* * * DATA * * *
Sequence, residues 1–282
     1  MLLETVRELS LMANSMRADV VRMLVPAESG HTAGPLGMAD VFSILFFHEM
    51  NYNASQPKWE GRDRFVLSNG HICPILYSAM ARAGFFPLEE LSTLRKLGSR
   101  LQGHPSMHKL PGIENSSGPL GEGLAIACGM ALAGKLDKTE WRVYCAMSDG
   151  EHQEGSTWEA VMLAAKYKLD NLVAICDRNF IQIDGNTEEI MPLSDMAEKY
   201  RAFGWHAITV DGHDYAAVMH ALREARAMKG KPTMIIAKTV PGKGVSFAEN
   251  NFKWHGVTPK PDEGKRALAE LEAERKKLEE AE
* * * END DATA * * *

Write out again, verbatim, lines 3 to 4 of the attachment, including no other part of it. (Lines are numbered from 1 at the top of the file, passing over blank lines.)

    51  NYNASQPKWE GRDRFVLSNG HICPILYSAM ARAGFFPLEE LSTLRKLGSR
   101  LQGHPSMHKL PGIENSSGPL GEGLAIACGM ALAGKLDKTE WRVYCAMSDG